How to do market research?
Market research can be time consuming but in the long term it can reduce exporting risks and help you to avoid costly mistakes. If you don’t research the culture, regulations, customer habits and payment methods that are typical to the market you’re selling to, among other things, you will struggle to sell your product or service there. This what market research is and why it’s important to do it.
To increase the chances to succeed in an international market in the long term you may need to understand in greater depth:
- Your customers’ expectations for the product or service
- Buyer behaviour and decision making process
- Optimum distribution channel
- Competitors’ brand awareness, preferences and loyalty
- Existing customer satisfaction levels.
Types of market research
Secondary research (sometimes called desk research) tends to be the first step in market research and can sometimes be perceived as ‘good enough’. But, as with all steps in the export journey, having a clear objective will make the exercise far more worth your while.
Secondary research tends to rely on published data and the quality of this can vary, depending which part of the world you’re trying to obtain information from. Remember, this data has been collected against a specific brief that you will not be aware of. Importantly, it may not have had your product or information in mind when developed so if fitness for purpose is not clear, use it as a guide only. In Europe, for example, the quality tends to be higher than in African and Asian markets where the information tends to be harder to collect.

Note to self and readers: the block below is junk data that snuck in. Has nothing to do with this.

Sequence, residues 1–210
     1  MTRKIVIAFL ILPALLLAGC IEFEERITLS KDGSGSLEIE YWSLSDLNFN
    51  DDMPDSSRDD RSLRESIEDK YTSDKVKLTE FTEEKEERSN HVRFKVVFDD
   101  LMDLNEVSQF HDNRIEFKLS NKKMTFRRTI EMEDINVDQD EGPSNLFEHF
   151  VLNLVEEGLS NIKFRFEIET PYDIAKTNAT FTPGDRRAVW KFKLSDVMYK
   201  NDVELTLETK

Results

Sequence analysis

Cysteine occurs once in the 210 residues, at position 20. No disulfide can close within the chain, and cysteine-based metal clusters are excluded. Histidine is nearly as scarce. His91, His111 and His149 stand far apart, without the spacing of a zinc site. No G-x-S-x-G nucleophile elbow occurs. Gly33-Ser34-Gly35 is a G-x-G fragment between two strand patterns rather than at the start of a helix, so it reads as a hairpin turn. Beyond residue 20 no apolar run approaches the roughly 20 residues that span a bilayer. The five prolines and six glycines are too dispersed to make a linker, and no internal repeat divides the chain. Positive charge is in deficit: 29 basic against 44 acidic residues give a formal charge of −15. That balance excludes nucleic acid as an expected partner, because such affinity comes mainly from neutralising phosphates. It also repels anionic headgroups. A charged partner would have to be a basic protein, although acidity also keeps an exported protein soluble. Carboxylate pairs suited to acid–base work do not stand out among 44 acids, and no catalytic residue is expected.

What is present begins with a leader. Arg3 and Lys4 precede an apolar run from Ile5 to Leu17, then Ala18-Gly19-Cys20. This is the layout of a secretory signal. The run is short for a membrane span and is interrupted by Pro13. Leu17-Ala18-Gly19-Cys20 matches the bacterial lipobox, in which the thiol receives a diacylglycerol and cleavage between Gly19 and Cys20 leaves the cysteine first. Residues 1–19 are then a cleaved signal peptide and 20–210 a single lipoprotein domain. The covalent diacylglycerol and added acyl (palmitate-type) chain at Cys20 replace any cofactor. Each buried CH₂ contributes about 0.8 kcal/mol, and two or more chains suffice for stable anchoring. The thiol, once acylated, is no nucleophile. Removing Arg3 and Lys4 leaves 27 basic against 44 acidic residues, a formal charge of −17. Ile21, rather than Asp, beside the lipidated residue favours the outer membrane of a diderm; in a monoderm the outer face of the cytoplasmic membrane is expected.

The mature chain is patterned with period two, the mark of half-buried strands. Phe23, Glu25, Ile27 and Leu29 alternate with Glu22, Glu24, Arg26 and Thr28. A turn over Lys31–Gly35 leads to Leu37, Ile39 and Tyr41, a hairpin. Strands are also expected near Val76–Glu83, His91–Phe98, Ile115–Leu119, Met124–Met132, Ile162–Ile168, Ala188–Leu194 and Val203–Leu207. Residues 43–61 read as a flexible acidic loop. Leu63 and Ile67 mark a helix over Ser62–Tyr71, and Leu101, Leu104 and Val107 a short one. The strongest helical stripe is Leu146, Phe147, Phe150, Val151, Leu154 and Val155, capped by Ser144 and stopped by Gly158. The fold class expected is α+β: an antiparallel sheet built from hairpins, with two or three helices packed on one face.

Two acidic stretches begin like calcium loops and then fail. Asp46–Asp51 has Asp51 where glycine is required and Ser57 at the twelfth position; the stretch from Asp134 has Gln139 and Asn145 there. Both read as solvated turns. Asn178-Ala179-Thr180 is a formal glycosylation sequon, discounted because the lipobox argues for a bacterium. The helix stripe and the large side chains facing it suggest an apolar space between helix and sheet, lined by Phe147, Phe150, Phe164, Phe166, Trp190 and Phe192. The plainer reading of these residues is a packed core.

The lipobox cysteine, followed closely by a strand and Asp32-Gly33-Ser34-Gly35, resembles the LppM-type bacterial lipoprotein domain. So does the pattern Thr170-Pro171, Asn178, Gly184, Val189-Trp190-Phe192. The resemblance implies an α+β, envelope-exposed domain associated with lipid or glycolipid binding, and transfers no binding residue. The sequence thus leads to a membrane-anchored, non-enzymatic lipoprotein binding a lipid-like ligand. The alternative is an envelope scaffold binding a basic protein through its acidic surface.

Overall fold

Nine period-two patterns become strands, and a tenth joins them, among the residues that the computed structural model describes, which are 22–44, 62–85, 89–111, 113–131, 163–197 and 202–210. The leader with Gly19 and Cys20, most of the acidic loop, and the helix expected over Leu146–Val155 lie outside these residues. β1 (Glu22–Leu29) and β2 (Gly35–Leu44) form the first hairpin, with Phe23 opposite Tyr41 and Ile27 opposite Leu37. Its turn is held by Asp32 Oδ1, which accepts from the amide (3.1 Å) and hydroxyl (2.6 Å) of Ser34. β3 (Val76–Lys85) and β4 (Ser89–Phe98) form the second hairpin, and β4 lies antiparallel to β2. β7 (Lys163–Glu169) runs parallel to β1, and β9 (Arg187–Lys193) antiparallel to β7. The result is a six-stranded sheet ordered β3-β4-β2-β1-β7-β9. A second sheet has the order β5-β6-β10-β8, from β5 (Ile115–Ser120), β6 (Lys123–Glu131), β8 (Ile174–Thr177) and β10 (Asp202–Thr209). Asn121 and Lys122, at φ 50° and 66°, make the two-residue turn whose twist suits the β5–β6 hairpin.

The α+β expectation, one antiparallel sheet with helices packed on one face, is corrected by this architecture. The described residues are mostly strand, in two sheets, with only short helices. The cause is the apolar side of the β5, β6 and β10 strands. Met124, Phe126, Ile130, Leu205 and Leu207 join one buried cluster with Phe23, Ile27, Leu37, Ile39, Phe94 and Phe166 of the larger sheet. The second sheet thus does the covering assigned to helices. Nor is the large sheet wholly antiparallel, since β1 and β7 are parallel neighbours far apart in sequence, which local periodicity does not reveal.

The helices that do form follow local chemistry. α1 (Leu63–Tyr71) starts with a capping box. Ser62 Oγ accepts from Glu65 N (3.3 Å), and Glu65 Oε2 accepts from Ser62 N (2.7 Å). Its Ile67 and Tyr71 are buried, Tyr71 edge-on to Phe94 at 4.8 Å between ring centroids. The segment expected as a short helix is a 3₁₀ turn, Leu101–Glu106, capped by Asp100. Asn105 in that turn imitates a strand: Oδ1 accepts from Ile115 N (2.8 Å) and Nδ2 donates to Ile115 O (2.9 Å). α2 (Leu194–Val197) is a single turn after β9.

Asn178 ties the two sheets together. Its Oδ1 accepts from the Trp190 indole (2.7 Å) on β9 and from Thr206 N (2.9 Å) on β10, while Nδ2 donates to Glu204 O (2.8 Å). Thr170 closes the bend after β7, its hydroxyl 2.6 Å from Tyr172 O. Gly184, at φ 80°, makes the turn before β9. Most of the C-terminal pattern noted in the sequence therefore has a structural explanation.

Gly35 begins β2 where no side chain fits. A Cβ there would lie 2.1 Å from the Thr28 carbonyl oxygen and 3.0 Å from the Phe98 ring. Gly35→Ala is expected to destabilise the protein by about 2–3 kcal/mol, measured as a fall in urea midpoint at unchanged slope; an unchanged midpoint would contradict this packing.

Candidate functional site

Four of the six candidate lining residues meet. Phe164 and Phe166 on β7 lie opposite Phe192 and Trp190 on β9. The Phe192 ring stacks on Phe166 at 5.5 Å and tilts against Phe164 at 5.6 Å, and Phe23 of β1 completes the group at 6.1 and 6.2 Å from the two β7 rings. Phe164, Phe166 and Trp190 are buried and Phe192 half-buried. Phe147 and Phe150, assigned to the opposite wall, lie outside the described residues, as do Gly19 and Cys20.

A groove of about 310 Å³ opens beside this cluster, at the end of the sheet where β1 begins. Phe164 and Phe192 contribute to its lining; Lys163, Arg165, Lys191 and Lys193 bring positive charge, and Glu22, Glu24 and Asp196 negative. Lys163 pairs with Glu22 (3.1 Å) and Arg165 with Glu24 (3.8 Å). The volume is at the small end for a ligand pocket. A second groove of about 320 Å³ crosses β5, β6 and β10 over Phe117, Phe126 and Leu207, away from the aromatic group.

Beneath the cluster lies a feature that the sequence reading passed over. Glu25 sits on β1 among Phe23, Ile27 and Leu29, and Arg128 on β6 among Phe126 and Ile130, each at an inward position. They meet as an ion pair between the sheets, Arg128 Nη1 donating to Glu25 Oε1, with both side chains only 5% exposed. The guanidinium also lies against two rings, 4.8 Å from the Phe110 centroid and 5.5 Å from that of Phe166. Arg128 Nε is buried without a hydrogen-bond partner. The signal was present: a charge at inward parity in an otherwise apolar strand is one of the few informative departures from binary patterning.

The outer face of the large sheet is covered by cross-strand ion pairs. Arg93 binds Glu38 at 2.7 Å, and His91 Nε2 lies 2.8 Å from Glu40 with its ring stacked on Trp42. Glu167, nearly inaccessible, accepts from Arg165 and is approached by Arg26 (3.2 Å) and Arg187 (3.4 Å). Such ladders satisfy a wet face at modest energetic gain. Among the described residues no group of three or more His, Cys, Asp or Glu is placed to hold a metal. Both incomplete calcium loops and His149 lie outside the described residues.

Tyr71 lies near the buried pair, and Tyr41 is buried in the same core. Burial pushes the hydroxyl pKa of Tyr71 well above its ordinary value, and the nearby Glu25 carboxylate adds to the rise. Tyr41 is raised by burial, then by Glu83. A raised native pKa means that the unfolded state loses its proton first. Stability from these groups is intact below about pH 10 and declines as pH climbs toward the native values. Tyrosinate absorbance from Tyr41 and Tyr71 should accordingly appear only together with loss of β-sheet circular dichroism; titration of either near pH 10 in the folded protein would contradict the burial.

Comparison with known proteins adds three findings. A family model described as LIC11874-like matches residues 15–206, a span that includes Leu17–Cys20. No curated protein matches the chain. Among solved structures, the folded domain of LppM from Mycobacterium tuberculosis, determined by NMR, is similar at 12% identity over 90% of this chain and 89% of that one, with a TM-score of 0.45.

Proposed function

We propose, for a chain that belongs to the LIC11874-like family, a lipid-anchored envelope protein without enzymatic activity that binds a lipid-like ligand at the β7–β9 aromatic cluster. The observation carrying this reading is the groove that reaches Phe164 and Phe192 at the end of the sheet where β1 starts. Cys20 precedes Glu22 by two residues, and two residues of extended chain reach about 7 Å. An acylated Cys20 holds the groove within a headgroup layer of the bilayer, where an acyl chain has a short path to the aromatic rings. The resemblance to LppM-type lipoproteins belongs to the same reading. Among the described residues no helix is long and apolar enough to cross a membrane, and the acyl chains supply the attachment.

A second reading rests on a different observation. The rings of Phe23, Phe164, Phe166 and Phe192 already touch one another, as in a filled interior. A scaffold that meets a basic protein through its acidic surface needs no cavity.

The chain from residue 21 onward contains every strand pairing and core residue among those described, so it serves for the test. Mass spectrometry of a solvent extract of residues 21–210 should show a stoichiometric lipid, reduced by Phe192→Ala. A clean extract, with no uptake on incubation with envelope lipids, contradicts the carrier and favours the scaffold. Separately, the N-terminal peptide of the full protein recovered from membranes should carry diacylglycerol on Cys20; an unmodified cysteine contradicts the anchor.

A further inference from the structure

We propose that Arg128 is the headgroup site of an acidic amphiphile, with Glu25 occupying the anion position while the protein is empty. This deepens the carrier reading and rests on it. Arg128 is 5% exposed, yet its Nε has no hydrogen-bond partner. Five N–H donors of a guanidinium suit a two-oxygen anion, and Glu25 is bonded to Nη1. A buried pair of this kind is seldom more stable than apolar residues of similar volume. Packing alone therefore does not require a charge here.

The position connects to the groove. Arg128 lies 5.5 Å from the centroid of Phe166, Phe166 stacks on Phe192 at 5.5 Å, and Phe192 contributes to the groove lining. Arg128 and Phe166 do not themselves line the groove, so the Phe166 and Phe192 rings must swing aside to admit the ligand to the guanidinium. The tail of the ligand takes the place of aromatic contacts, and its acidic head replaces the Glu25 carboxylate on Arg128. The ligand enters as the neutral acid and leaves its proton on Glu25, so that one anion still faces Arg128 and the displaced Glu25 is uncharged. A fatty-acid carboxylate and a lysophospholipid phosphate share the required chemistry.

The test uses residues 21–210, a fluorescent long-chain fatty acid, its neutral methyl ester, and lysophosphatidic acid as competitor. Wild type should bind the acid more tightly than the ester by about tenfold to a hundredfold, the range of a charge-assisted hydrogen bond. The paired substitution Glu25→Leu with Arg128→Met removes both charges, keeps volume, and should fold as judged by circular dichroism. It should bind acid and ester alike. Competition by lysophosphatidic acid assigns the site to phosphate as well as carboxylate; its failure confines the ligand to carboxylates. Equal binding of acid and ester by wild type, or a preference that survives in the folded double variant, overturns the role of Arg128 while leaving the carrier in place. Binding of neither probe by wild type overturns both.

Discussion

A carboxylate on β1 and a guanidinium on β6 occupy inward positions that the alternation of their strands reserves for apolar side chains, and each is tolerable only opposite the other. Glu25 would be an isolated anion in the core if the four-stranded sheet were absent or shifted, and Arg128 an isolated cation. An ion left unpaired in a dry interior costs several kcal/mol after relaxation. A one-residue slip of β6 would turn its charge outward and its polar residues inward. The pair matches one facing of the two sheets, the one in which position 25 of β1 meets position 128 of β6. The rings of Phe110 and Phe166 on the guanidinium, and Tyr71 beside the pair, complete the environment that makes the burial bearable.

Information can be sought from many different places and the cost of information varies depending on the sources. You might like to try:
- Unavailable data: in many developing countries, quality secondary data is often unavailable.
- Out of date data: some companies will provide country reports for different countries which look very similar as they are based on the same document but have been adapted for each country and can be out of date by the time they are edited and published.
- Reliability of the data: before using quantitative data it is important to know about the data collection methodology, the purpose of the collection of the data, the consistency of the data collection and the company responsible for collecting the data. Government data can be ‘tampered with’ to show a more positive view of a country, companies providing ad hoc quantitative market data on your market segment will need to be clearly briefed to provide reliable data.
- Different definitions: industry and product data classifications need to be clearly understood as some country or research companies have broader definitions which then make the data unusable.
These challenges, if ignored, can damage the credibility of your market research, leaving you unable to act on the results.
Primary research or FIELD research
Primary, or field research, is specific to your company’s needs. Rather than scouring through general information, this is research specifically tailored to you, where you can establish exact information about the marketing of your product in the chosen market.
Unless you know what you’re doing it’s important not to go it alone, however, and conduct research either jointly with an agent or distributor, or appoint an external agency.
Primary research can be a very time consuming and expensive exercise so it needs to be well scoped and planned based on agreed objectives. Based on the objectives and the depth or breadth of the information required, the research will seek quantitative (data with objective and measurable properties) or qualitative (data with subjective properties, not of a measurable value) data, sometimes both.
Finding the right market to sell to is key to success in international trade. Taking the time to develop an action plan will produce clarity in your processes and keep you on the right road.